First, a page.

With the Philadelphia Eagles sitting at 3-6, it’s time to stop talking about all the potential talent, and admit that this season has been a disaster. The team has lost five games in a row, which is the longest losing streak of Andy Reid’s career. What makes it worse, is that it wasn’t supposed to be this way. After 2010, the Eagles were poised for greatness with an incredible offence lead by Michael Vick, DeSean Jackson, and LeSean McCoy. In 2011, they added some great players to the defense, and were expected to be a force in the league. Well, the defensive line was a force, but that was about it. But they blamed the poor start on the lockout. With the strong draft, and a full off season, surely 2012 was their year. Unfortunately, 2012 feels a lot like 2011, only without the strong defensive line. Teams know how to beat Vick, and they now know how to block the defensive linemen. Juan Castillo was seen as the problem on the defense, because the they gave up too many points late in the game, so they fired him. Now the defense gives up more points. All the “miscalculations” that have happened ever since 2008 are growing into an avalanche that will most likely hit after the Superbowl, and sweep Andy Reid out of Philadelphia.
I like Reid, and I think he did a lot for the Eagles through his first 10 years. But there are 13 teams above the Eagles for a playoff spot, and I don’t think 9-7, if they can get there, will save his job. It looks like he will be gone, and perhaps he should be. But what does it mean if he is gone?
It was recently reported that GM Howie Roseman received a contract extension when team president, Joe Banner, left the organization. I believe that Roseman can point to enough good decisions he’s made to keep his job. So one would think that, as GM, Roseman would have a lot of say in picking the next coach he wants to work with.
But Roseman is fairly new to being a GM, and has never worked with a coach other than Andy Reid. Quite frankly, we don’t know what to expect from him in picking a coach. Will he want an established winner, a rising coordinator, or a successful college coach? Will he want someone offensively or defensively minded? How much will it be his decision, and how much will it be up to owner Jeff Lurie? These are things that we don’t know. But that’s not what is scaring me the most about the thought of the post-Reid Eagles.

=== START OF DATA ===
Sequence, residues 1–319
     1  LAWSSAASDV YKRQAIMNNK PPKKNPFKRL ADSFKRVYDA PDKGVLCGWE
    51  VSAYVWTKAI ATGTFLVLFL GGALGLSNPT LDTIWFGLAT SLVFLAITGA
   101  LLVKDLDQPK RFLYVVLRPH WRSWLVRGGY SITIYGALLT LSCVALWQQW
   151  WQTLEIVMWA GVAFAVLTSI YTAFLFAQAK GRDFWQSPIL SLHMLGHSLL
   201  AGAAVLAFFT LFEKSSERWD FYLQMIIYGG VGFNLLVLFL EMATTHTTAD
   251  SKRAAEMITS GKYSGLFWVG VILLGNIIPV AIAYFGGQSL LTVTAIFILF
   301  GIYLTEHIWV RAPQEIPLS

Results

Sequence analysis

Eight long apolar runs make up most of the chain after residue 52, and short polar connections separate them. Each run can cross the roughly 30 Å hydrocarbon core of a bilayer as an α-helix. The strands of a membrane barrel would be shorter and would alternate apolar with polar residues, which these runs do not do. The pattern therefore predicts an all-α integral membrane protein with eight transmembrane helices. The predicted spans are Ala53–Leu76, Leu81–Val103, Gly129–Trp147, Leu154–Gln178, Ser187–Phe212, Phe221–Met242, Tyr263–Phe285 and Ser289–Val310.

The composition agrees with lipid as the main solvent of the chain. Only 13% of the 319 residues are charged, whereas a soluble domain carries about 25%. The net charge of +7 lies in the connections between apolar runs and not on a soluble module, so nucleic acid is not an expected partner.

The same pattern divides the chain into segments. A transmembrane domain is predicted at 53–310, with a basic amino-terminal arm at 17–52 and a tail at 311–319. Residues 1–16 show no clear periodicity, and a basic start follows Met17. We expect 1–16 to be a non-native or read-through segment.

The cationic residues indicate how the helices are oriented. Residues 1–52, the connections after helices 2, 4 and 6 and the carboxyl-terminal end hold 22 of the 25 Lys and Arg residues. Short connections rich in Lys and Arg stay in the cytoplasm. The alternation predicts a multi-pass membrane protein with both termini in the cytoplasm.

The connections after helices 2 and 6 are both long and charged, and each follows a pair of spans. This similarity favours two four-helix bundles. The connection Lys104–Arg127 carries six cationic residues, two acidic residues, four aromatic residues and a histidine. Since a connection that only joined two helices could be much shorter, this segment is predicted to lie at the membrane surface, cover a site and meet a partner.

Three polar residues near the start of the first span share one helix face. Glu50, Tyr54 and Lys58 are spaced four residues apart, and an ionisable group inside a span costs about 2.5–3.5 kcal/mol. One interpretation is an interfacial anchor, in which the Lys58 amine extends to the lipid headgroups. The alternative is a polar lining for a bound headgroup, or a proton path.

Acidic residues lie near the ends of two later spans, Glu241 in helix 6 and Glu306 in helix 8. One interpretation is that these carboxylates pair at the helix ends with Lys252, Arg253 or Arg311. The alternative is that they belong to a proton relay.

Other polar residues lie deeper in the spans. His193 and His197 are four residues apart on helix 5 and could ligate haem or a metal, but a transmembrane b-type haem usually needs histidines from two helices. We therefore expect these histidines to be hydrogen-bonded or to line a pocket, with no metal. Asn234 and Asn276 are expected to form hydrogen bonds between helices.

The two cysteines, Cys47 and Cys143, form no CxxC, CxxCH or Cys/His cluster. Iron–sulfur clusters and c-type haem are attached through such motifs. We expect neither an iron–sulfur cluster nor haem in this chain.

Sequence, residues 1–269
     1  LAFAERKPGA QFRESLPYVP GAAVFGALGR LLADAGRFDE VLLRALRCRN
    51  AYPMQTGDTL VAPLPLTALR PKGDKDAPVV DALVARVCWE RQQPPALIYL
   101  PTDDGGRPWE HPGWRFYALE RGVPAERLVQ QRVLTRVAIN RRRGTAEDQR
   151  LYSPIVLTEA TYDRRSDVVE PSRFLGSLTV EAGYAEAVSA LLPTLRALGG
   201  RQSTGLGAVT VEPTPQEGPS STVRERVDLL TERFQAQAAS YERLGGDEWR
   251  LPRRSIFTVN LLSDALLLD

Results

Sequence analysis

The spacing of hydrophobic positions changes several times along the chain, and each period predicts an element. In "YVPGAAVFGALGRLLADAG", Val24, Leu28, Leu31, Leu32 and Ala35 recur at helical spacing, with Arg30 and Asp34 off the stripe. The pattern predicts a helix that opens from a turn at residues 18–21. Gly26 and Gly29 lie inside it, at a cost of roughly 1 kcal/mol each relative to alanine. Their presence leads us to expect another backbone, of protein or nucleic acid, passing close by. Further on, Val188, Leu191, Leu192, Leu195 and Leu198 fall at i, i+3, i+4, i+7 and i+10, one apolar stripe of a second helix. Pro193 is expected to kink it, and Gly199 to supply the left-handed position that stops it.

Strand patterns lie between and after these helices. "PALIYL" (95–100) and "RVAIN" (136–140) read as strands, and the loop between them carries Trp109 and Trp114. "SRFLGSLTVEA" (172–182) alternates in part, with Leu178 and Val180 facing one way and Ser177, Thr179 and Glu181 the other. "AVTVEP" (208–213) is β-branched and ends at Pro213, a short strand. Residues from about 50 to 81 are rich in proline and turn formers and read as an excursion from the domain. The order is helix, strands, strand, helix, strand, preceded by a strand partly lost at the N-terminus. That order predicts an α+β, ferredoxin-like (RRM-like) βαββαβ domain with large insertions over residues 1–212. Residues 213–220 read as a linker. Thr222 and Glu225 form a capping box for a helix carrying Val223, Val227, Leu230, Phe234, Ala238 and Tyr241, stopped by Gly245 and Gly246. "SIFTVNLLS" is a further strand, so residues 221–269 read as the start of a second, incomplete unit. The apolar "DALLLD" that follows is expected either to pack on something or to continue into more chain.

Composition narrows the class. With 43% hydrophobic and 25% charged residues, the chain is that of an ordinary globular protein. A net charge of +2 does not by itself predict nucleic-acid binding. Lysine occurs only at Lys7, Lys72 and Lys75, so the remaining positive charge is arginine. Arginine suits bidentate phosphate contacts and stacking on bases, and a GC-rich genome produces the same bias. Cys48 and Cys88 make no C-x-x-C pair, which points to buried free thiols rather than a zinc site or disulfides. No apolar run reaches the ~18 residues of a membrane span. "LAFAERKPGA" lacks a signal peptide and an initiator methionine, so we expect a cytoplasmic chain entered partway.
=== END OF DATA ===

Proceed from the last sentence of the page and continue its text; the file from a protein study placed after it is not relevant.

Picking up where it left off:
The thing that scares me is the prospect of returning to the 1980s and 90s versions of the Eagles. If you became a fan of the Eagles around 2000, you’re used to winning… a lot. If you were around during the 80s and 90s, winning was an interesting concept to you. After Dick Vermeil (the only coach other than Reid to take the Eagles to the Superbowl), they had 4 coaches in the span of 16 years. In that span, they had 8 playoff games and 2 wins. To put that in perspective, Andy Reid has had 19 playoff games and 10 wins in 13 years. The Eagles regular season winning percentage during that period is exactly .5 126 wins, 126 losses, 3 ties. Andy Reid’s record since his last NFC championship game is .561.
And when you look at the current situation in the NFL, things aren’t very promising. For every J. Harbaugh, Mike Tomlin, and Sean Payton, you have a Pat Shurmur, Tom Cable, and Tony Sparano. And there are many once promising coaches standing on shaky ground such as Norv Turner, Rex Ryan, and Marvin Lewis. Furthermore, ask the Broncos how things were after the Mike Shanahan era, or the Cowboys after the Jimmy Johnson era, or the Redskins after the first Joe Gibbs era. As hard as it is to follow up a great quarterback, it might be harder to follow up a great coach.
So, while it seems inevitable that Andy Reid is done in Philadelphia, and that may be the right decision; don’t think that the winds of change are a breeze. They might luck out and get a great coach, they might not. They just experienced a decade of unprecedented winning under Andy Reid; but one can’t overlook the 2 decades of mediocrity that came before that.